July 13, 2019
[00:01:36] Podcast Sponsors
[00:04:22] Guest Introduction
[00:07:28] Human Domestication
[00:13:56] How Fit Were Our Hunter-Gatherer Ancestors
[00:23:32] The calorie consumption and burn of our ancestors, contrasted with the modern office worker
[00:29:30] Arthur's Personal Fitness or Movement Routine
[00:31:13] Podcast Sponsors
[00:33:49] cont. of Arthur's Personal Fitness or Movement Routine
[00:42:00] How indigenous diets fit within the context of the modern ketogenic or carnivore diets
[00:51:48] Arthur's thoughts on the carnivore diet as a sustainable lifestyle choice
[01:00:07] How the variety of species of plants that we currently consume compares to what our ancestors would have eaten
[01:05:12] How the micronutrient or vitamin content in modern produce compares to wild plants
[01:13:48] Where would grains fit in?
[01:22:14] Ancestral skills Arthur believes rewilding modern humans should have
[01:30:15] Closing the Podcast
[01:32:25] End of Podcast
Arthur: There's no doubt we have some really amazing qualities today, but the fact is, is that we do display these features, our digestion, our nutrient needs, and so on are all based on these evolutionary exposures that happened over this period of over 300,000 years. Diet can be an actual therapy that allows us to live this free life where we're not connected to the pharmacies, and that sovereignty is really wonderful to be free of that.
Ben: I have a master's degree in physiology, biomechanics, and human nutrition. I've spent the past two decades competing in some of the most masochistic events on the planet from SEALFit Kokoro, Spartan Agoge, and the world's toughest mudder, the 13 Ironman triathlons, brutal bow hunts, adventure races, spearfishing, plant foraging, free diving, bodybuilding and beyond. I combine this intense time in the trenches with a blend of ancestral wisdom and modern science, search the globe for the world's top experts in performance, fat loss, recovery, hormones, brain, beauty, and brawn to deliver you this podcast. Everything you need to know to live an adventurous, joyful, and fulfilling life. My name is Ben Greenfield. Enjoy the ride.
We've got a good podcast today with my friend Arthur Haines. He wrote a really good book. I've been wanting to interview this dude for a while. I think you're going to dig it. We talk about being outside, taking off your pants, getting naked, getting sunlight, throwing spears at shit. You get the idea.
This podcast is actually a special podcast because we just are about to kick off the 5-Day Meditation Challenge we've been working on behind the scenes at my company, Kion, for quite some time. At the time that this podcast is released, the meditation challenge begins in two days. We've got folks like Paul Chek and Emily Fletcher coming in to teach live guided meditations. We're going to teach you how to tap into all of the health proven benefits of meditation. So, if you have always wanted to try meditation and you don't know where to start, or if you want to learn a whole bunch of new meditation tricks and tips and hacks for your meditation toolbox.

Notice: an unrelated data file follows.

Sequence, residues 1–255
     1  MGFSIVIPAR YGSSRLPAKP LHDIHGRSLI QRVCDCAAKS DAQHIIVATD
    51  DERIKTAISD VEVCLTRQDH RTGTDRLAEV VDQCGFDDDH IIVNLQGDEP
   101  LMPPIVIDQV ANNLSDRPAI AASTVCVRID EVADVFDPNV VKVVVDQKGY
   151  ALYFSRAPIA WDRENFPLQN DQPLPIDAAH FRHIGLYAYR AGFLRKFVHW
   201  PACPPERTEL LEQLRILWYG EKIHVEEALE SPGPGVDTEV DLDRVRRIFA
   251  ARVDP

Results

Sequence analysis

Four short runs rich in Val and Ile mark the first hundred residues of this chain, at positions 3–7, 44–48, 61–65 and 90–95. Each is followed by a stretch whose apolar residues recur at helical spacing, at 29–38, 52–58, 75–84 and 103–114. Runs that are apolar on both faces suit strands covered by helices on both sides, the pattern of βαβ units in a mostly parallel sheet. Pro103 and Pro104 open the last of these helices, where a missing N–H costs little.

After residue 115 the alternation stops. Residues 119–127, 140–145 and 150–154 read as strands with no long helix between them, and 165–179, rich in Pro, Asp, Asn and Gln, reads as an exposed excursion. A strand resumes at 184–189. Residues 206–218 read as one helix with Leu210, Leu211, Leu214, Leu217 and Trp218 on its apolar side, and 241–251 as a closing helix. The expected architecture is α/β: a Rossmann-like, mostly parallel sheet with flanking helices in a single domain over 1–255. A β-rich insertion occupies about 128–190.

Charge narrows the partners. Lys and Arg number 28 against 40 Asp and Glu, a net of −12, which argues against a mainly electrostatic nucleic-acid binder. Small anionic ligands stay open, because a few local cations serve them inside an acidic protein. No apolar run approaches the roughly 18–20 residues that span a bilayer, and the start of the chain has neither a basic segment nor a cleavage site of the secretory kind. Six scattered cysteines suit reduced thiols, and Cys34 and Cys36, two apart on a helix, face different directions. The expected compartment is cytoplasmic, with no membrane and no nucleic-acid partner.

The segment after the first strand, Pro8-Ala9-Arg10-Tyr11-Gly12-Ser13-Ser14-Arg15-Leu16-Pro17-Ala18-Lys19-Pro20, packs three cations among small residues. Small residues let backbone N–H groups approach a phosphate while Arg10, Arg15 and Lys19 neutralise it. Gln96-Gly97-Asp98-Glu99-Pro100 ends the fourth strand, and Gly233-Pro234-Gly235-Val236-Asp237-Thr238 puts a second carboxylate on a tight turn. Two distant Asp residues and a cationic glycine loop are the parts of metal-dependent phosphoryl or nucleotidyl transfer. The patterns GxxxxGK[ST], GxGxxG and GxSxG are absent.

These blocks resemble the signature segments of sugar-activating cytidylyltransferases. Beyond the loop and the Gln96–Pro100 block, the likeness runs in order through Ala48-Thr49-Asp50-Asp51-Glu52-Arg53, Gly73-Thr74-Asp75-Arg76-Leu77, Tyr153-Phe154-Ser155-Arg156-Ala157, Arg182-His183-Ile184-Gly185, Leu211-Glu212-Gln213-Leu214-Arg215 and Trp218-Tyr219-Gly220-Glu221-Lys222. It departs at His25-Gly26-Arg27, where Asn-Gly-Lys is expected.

I personally play around with all different kinds of meditation. ECOMeditation by my friend Dr. Dawson Church, who wrote the book, “Mind to Matter.” I've taken Transcendental Meditation courses. I even fiddle around with Muse, that headset, and also the Headspace app. I go outside and do traditional Native American Sit Spots. I even meditate in my sauna looking at a candle or an hourglass. All sorts of ways to meditate.
So, if you want to join in on that meditation challenge that starts Monday, July 15th, just go to getkion.com/meditation. That's getK-I-ON.com/meditation, and you'll be off to the meditative races.
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Alright. Let's go talk to Arthur. Well, folks, as I was outside this morning, early in the wee hours, I got in about 2:00 or 3:00 a.m. Finally, by the time I got to sleep from the Swiss Alps, but I went outside this morning at about 5:00, and got a little bit of sun, and went for a barefoot walk. And I shot my bow, and I jumped in the cold water, and as I was doing that, I was thinking a little bit about today's podcast guest because he's all about this kind of things. Perhaps not flying on a 747 and getting in in the wee hours. But just about everything else related to living a little bit more like our ancestors.
He has even written an entire book about this. It's called “A New Path.” It's a tome. My friend Daniel Vitalis first told me about this guy and his book. And the entire book is just a complete guide to all things foraging, and ancestral skills, and botanical medicines, and plants. And it's just a wonderful read that was really, really precious for me. And so when it comes to diet, and water, and medicine, and nature immersion, and hormesis, and even community, and ancestral technologies, not many folks know quite as much as my guest on today's show.
His name is Arthur Haines. He is based out of Maine. He's a hunting and recreation guy, a forager, ancestral skills mentor, obviously, an author. This book is called “A New Path.” Again, he's a public speaker. He's a botanical researcher, and this is what he does. He teaches people. He has a wonderful YouTube channel. He focuses on foraging, on wildcrafting medicine, on primitive living skills.